Language is alive and forever changing. Approximately 25,000 new words are introduced into English on an annual basis.
Which of these do you think will survive into the next century?
- Affluenza - A blend of 'affluence' and 'influenza'. A social disease resulting from extreme materialism and excessive consumerism. Earning more money and consuming more can lead to overwork, debt, stress and anxiety.
- Baggravation - Blend of the words 'bag' and 'aggravation'. A feeling of annoyance and frustration at the airport when your baggage has not arrived but other passengers' bags have.
- Blamestorming - A method of collectively finding one to blame for a mistake no one is willing to confess to. Often in the form of a meeting, assembly for the sole purpose of deciding who is to blame for a 'screw up'.
- Copyleft - The opposite of copyright; whereas copyright imposes restrictions on the distribution of a work or publication, copyleft eliminates restrictions and allows freedom of use for all.
- Edutainment - A form of entertainment that aims to educate and entertain.
- E-Quaintance - A person only 'known' through online networking.
- Frankenfood - Derogatory - a food that contains genetically modified ingredients.
- Freemale - A woman who is happy to stay single and independent, ordinarily to avoid the traditionally perceived constrains of a relationship.
- Flightmare - Blend of 'flight' and 'nightmare'. Unpleasant air travel experience (lost luggage, missed connections, etc.)
- Geezer - Sometimes used by young people to mean, not just a man, but someone who is admired for breaking the rules or having his or her own unorthodox style of behaviour.
- Guesstimate - Blend of 'guess' and 'estimate'; a rough estimate without any claim of accuracy.
- Infomania - Constantly checking and responding to email and text messages.
- Infotainment - Blend of 'information' and 'entertainment'. Online services connected to information and leisure activities.
- Jumbrella - Blend of 'jumbo' and 'umbrella'. Very large umbrella set above tables outdoors at a coffee shop, pub or restaurant.
- Mocktail - Non-alcoholic drink that looks like a cocktail.
- Netiquette - Blend of 'network' and 'etiquette'. A set of rules governing commonly accepted appropriate behaviour or courtesy while on the internet. The absence of physical presence resulted in a distinct idea of 'appropriate behaviour' among 'netizens'.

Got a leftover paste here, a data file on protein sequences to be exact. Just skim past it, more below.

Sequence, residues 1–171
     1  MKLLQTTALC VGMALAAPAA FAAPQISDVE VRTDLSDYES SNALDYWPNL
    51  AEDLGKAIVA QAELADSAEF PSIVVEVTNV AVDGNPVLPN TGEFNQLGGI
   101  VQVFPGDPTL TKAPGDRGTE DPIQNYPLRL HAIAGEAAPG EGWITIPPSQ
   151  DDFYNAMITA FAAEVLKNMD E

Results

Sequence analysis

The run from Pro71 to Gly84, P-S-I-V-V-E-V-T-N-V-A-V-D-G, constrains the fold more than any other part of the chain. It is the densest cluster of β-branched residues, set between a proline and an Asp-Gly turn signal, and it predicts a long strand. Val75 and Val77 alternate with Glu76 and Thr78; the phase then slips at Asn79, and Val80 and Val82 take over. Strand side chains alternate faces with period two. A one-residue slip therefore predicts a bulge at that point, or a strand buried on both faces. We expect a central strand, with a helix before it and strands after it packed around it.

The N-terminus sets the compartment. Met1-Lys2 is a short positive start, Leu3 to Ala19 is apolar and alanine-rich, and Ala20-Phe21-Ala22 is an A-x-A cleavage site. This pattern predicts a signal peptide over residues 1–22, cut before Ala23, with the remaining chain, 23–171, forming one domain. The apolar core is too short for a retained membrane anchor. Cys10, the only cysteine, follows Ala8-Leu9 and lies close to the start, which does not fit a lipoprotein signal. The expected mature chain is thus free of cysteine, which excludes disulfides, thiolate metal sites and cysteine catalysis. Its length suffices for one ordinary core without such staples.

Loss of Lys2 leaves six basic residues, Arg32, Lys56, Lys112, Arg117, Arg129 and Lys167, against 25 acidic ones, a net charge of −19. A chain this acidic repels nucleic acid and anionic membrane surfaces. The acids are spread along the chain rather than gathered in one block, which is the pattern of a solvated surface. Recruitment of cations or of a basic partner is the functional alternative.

- Netizen - A blend of 'internet' and 'citizen'; a person who spends an excessive amount of time on the internet.
- Nonversation - A conversation that seems meaningless or ridiculous.
- Outernet - Traditional media (newpapers, magazines, radio, television) as opposed to the internet.
- Screenager - A young person or teenager who spends a lot of time in front of the computer screen.
- Staycation - A vacation in which you stay at home and relax, perhaps visiting places close to where you live.
- Sunbrella - A sun umbrella; a great word that we should all begin using immediately
- Threequel - The third film, book, event, etc. in a series; a second sequel.
- Weblish - A form of English that is used on the web (use of abbreviations, acronyms, small letters, absence of punctuation and hyphens etc.) Also known as: webspeak, netspeak, internetese.
Read this article in Russian.
|andreean Sunbrella, umbrella which functionally to block the sun is common in my country. |
|Psychoword Those words I think might be used the most in the future are staycation and threequel, mostly because these words are so commonly used now that they will more likely stick around. |
|princess fifi Netizen.. isn't English easy to understand i mean..see- Sunbrella |
i just added on my computer dictionary.
|fatimah0786 I don't understand why we complicate the language by adding new words to its vocabulary.I know it helps in marketing the language and does great P.R work but still... |
|Magnus Sciencefiction As times change, people feel the necessity of some new words that explain the modern culture. For instance, when the novel 'catch-22' was released, there was possibly no other word in the existing dictionaries that could explain the 'catch-22' ...|
I think geezer and netiquette will definitely last ...because they are already so old and so common.
Most of the others will fade away since they're just cutesy, trendy words that don't really fill a need.
FYI: An umbrella for the sun is called a ...